Jeff B: I'd love to hear your about your experience with the T-F 150mm petty. I'm also looking for a petty in this size, and I feel like you're the only person I've really seen on the forum praising this knife as *outperforming* its peers (obviously, Mel started a following for the gyutos, but we all know that those are very different knives in many ways, and my sense is he may not feel the qualities of the 240 necessarily transfer to the entire line). What exactly have you compared it to, personally? I still think the gyutos aren't right for me, but I could be convinced the petty is.
Thu Jul 31, 2014 11:02 am
Hi Joe, The only two other petties I have owned are the Goko white#1 and a Kono white #2 both 150mm. One slightly cheaper and the other about the same price. I first bought the Kono. A good knife but was more of a trimming and peeling style petty so I decided I wanted something a little taller and more robust to go with it for light chopping. So I bought the Goko because of the height, rustic finish and heard about the killer edge. For some reason I just didn't connect with this knife, it was just, ehh.
At this point Melampus had written his review of the 240 gyuto and this put the Fujiwara on the radar. After studying it some I said what the hell and bought it. I fell in love with that knife the minute I took it out of the box. Beautiful look if your into the rustic thing and the edge was scary sharp. I washed the knife and cut a few things, celery, carrots and garlic. I didn't want to put the knife down! It performed spectacularly and was exactly what I had been looking for in that size knife. Takes the scariest sharp edge I have ever felt and holds it forever! A light stropping brings it right back when it feels to be slipping some. I think the high hardness takes the white steel to a whole new level. Not nearly as chippy as one would suspect but gives it stellar edge retention on par with the best of carbons. I sold the Goko here and the Kono to a friend because I knew that this was going to be the "it" petty.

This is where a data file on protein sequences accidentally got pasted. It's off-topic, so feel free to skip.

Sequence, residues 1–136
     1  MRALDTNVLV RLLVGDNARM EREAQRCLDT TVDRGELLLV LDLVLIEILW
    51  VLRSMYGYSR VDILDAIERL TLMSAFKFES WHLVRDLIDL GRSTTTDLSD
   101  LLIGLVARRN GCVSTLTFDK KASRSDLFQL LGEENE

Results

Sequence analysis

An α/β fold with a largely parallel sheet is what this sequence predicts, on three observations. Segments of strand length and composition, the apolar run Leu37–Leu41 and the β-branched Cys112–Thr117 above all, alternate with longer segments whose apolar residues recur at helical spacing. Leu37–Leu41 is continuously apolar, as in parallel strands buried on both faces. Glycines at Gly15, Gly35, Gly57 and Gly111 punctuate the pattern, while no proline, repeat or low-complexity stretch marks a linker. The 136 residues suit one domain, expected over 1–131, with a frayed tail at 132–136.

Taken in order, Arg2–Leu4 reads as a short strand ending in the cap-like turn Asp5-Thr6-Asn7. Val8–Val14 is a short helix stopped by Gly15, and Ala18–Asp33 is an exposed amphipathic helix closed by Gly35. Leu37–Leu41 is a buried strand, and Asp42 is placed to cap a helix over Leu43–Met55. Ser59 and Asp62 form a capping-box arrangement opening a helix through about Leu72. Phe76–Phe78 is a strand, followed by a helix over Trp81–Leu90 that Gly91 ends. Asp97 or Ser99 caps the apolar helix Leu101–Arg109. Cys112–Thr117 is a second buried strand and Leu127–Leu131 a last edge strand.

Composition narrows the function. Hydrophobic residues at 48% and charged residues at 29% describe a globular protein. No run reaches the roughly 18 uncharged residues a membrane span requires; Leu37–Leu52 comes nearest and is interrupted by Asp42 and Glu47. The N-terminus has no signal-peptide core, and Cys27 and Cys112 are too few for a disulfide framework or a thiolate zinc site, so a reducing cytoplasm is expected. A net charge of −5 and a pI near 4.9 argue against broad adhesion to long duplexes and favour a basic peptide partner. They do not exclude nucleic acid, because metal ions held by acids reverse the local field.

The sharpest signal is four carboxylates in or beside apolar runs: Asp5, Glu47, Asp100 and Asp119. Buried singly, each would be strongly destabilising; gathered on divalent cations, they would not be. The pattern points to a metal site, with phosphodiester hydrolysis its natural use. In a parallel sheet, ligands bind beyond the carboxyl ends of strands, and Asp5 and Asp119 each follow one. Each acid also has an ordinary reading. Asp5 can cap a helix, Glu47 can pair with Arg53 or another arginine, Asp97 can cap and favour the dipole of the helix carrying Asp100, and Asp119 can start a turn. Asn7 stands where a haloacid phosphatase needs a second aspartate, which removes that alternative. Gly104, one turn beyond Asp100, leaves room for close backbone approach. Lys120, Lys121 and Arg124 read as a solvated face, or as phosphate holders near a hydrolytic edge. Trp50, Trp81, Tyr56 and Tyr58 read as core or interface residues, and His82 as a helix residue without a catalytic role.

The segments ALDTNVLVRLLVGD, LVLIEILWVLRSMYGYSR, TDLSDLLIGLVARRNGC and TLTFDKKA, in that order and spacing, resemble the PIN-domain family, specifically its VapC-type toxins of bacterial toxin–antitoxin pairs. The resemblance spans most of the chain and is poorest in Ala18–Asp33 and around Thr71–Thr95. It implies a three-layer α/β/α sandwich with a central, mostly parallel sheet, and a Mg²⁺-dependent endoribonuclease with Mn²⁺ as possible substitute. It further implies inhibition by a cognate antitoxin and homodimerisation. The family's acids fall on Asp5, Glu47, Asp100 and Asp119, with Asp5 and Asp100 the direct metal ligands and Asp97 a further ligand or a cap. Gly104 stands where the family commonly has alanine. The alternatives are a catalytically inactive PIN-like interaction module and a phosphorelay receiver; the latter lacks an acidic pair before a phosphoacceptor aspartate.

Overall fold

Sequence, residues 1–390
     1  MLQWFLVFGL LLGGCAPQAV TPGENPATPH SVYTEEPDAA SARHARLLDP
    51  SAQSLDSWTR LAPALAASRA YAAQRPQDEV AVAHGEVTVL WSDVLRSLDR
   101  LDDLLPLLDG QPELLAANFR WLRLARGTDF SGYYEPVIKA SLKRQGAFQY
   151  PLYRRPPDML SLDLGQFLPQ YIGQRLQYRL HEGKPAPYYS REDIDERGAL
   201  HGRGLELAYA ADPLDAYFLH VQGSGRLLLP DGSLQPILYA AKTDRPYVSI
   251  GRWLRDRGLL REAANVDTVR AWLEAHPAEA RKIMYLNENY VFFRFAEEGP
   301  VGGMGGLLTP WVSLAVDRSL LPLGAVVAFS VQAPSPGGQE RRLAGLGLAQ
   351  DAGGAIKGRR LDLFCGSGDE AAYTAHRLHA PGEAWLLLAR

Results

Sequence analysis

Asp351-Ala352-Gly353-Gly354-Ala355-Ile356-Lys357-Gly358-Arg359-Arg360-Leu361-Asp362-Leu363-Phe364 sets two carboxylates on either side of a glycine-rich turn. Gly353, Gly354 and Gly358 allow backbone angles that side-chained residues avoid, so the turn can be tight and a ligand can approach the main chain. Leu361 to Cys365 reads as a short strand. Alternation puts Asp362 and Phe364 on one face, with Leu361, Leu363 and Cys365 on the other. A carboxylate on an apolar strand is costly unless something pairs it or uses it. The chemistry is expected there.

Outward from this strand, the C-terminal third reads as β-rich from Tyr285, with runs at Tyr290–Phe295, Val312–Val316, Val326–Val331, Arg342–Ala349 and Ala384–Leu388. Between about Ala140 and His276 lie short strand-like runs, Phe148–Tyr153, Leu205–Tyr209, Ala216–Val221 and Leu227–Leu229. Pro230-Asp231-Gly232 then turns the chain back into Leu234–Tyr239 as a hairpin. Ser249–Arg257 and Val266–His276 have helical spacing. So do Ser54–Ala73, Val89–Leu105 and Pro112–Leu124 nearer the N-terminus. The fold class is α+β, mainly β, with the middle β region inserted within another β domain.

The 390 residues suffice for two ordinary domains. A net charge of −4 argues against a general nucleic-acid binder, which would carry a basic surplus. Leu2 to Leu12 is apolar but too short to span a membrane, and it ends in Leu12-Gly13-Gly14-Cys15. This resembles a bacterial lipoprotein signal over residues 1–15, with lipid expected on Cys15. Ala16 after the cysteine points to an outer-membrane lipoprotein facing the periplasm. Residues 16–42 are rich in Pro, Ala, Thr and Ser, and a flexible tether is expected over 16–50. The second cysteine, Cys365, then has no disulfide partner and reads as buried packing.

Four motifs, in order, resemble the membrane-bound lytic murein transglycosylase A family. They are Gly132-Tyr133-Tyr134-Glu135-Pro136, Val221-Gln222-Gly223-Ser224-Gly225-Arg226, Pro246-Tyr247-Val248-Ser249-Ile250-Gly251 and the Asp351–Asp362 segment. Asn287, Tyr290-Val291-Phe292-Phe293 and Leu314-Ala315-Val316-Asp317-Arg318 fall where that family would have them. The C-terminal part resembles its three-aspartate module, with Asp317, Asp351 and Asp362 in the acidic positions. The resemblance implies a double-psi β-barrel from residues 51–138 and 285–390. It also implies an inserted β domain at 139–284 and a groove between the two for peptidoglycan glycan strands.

I haven't used the much more expensive petties in the $200+ range but I can't imagine that they could perform any better than this one. They would have to be able to cut the food for you while you did other things! Of course this is nothing but speculation on my part. I will say that if you want a very tall gyuto style petty you might be not be satisfied with this one. "To me" it is the best of both worlds, tall enough to do the light chopping but short enough to be nimble when trimming and slicing. I call it the tweener!
A little wordy but my $0.02 for what that's worth.
Thu Jul 31, 2014 11:17 am
Thanks for the response, Jeff! This is very, very helpful for me in my considerations, and it is always a pleasure to read about someone having a fully, truly satisfying experience with one of his or her knives. I hope that it also helps others reading this tread who are interested in a new petty as well.